Home > Anatomy, Physiology > Induced Spinal Cord Compression in Mice

Induced Spinal Cord Compression in Mice

While there have been several pro-chiropractic studies demonstrating the effects of a spinal cord compression, this is a in-lab study done on mice. I am not in favor with animal testing, however this topic is so intriguing that I couldn’t pass it up. The study was designed to essentially observe the cellular effect of a chronic spinal cord compression. To a chiropractor, it is easy to understand that spinal cord compression could be caused by a misaligned vertebra, but in this study they used a artificial calcified mass that  continued to grow as the mice matured. The damaged that was caused by the compression was measured by the tissue response. You might want to catch up on your histology before reading the original.

It is also a nice coincidence that the location they decided to compress the spinal cord was at the C1-C2 region. We should all understand that the body has an intelligence that governs every function. Our body responds to the stresses it receives and compensates accordingly. For the most part, our body processes the stress and regains homeostasis. When there is a compressive force interfering with the communication in our body, it starts to break down. This may include a decreased cellular function or hypersensitivity to stress. As the compression continues to exist, the rest of the body begins to suffer from the decreased communication and compensations occur in various regions. The article demonstrates this breakdown in scientific terms and at the site of compression on a cellular level.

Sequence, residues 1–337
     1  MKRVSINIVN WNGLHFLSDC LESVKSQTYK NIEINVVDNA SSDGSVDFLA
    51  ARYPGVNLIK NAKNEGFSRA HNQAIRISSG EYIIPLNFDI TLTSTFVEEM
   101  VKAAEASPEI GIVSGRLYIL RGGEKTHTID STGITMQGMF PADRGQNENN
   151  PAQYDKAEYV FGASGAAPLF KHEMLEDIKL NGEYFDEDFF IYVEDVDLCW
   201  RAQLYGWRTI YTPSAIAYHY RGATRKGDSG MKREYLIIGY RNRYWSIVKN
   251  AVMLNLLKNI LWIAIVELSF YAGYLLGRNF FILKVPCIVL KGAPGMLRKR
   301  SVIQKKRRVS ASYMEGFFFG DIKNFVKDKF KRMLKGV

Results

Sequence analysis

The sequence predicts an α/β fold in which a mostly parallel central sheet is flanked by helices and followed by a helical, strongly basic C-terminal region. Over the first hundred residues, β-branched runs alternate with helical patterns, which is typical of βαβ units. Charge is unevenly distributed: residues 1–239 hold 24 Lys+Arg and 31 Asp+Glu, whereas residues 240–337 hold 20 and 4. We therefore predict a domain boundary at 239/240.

Cervical compressive myelopathy, e.g. due to spondylosis or ossification of the posterior longitudinal ligament is a common cause of spinal cord dysfunction. Although human pathological studies have reported neuronal loss and demyelination in the chronically compressed spinal cord, little is known about the mechanisms involved. In particular, the neuroinflammatory processes that are thought to underlie the condition are poorly understood.

I would certainly add “subluxation” to this list of common obstructions to the spinal cord. As for a correction of this compressive force, the article recommended “The only treatment available at present is the surgical removal of the cause of chronic spinal cord compression.” I agree, in part. Remove the interference and restore proper communication and function to the brain and body. In the case of a large calcified mass compressing on the cord, you might need the extreme option. It is much more likely that a misaligned bone may be causing the compression and can be removed by a skilled upper cervical doctor.

If this interest you, read the article. This study was not written by or for chiropractors, however the findings are relevant to chiropractic principles that every effect has an cause, that there can exist an interference caused by subluxation (compression on spinal cord by misaligned vertebrae), and this will cause dis-ease within the body.

Read full article headache


  1. 27 August 2014 at 12:54
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